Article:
If Unfit to Travel, Farm Animals Should Avoid the Voyage
The number of beef and dairy cattle exported from the U.S. in 2010 to countries other than Canada and Mexico more than quadrupled over the previous year. Live animal exports are up dramatically, especially cattle, as countries like Turkey and Kazakhstan try to establish breeding herds. Moreover, exports are projected to remain high in the coming years.
While some exported animals are flown to their destination, others are subjected to ocean journeys that can last weeks. Last year alone, more than 20,000 pregnant dairy cattle left from the east coast on ocean voyages to Turkey lasting more than two weeks. Calves have been born during some of these shipments, suggesting that either the cows were too far along in their gestation to be safely and humanely transported, or that they gave birth prematurely, which could be an indicator of stress.
During transport, many stressful experiences - including inadequate ventilation, noise, motion sickness, and heat stress - severely impact animal welfare and make the animals more susceptible to illness and disease. Mortality is known to be much higher in lengthy sea transport than in domestic truck transport. While AWI recommends that no animals be transported such long distances and for such long periods, if they are, it is critical that only fit animals make the journey.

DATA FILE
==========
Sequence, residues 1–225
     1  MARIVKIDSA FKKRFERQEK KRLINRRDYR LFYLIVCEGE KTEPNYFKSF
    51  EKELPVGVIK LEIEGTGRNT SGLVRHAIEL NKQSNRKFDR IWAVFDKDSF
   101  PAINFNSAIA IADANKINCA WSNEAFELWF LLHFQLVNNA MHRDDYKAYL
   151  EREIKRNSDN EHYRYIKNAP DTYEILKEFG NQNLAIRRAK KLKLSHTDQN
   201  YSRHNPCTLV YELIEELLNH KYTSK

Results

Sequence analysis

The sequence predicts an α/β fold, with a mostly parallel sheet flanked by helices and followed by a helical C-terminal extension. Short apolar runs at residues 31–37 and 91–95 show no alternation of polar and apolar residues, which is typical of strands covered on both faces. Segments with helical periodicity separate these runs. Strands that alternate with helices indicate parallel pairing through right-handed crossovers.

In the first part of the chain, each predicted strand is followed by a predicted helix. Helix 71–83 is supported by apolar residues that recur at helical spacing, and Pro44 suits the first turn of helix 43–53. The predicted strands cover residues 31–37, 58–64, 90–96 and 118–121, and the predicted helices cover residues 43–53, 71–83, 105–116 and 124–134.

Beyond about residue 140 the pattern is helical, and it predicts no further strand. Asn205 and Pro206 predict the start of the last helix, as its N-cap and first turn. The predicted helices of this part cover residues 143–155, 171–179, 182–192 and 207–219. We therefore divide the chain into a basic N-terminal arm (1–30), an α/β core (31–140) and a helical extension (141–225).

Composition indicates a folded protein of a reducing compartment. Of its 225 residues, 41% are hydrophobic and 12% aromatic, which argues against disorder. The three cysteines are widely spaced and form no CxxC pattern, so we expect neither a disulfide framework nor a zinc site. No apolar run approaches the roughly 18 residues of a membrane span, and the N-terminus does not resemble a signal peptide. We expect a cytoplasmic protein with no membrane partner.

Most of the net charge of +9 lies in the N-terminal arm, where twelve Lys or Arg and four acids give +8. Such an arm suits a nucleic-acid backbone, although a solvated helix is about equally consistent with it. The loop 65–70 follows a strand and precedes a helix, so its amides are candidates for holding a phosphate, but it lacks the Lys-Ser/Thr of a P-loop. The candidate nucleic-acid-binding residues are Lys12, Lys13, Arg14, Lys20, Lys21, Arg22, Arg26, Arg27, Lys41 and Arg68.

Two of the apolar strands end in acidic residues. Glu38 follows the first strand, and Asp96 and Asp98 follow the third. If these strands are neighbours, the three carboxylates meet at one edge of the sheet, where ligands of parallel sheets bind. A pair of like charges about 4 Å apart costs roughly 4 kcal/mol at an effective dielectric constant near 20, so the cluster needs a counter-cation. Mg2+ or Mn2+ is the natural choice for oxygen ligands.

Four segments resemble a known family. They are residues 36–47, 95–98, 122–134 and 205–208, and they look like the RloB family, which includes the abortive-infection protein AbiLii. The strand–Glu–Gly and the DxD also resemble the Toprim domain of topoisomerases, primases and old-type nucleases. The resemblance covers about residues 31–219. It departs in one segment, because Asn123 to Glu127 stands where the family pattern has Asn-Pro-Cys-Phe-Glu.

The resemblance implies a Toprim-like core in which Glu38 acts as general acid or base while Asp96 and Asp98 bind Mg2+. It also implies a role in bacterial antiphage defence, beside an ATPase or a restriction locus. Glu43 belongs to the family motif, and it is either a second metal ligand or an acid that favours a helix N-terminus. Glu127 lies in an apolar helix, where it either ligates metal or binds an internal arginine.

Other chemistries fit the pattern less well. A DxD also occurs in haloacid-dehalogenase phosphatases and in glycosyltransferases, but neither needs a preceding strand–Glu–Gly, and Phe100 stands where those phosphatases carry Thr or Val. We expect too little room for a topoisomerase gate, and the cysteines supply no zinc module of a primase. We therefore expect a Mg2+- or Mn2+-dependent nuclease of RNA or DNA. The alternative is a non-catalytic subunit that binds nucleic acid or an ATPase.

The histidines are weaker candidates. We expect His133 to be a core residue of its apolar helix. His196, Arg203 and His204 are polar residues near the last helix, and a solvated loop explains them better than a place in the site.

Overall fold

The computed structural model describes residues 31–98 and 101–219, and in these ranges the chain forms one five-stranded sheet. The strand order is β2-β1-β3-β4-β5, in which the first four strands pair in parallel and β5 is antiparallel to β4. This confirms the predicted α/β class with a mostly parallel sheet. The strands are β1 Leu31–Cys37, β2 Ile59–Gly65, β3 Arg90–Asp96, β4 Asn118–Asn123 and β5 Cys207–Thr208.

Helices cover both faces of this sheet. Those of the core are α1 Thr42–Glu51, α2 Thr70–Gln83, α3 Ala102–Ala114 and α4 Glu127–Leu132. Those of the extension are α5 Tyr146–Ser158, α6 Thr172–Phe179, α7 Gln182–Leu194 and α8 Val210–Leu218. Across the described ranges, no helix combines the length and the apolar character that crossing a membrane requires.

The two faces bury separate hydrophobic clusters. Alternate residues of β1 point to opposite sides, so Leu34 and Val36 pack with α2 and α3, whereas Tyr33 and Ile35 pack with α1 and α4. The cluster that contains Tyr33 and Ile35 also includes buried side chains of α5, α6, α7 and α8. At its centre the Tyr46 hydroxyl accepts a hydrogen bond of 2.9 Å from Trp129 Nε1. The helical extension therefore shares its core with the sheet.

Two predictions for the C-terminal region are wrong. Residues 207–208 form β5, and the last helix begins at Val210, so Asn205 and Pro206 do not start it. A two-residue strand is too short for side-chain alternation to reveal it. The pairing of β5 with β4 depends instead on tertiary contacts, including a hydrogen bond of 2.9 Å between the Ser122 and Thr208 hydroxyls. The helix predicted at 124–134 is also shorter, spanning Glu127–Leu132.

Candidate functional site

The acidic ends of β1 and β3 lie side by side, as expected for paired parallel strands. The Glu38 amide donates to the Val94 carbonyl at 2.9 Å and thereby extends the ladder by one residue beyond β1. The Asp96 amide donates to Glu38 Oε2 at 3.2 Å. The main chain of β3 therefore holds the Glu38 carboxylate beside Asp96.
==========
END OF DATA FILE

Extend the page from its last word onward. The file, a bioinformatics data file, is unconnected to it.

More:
To ensure that only healthy and fit animals are subjected to the rigors of international transport, AWI and the World Society for the Protection of Animals (WSPA) have petitioned the USDA to adopt “fitness to travel” requirements for all farmed animals exported to any foreign country except those traveling overland to Canada or Mexico. AWI and WSPA are recommending that the USDA employ the fitness requirements included in the animal transport standards of the World Organisation for Animal Health (or “OIE”).
Unfit animals, according to OIE, include those unable to stand or bear weight on all four legs, are blind in both eyes, have unhealed wounds, are extremely young, or are pregnant and in the final stage of gestation. The birth of calves during some of the cattle shipments strongly suggests that USDA inspectors are not following the OIE’s internationally-recognized fitness requirements.
Many of America’s biggest agricultural trading partners, including Canada, Australia, and members of the European Union, have already enacted fitness to travel standards. Implementation of such requirements by the U.S. will help harmonize national laws pertaining to international transports, reduce animal suffering, and protect both human and animal health.
The fitness to travel petition is available on the “Farm Animal Policy and Public Comment” page of the AWI website.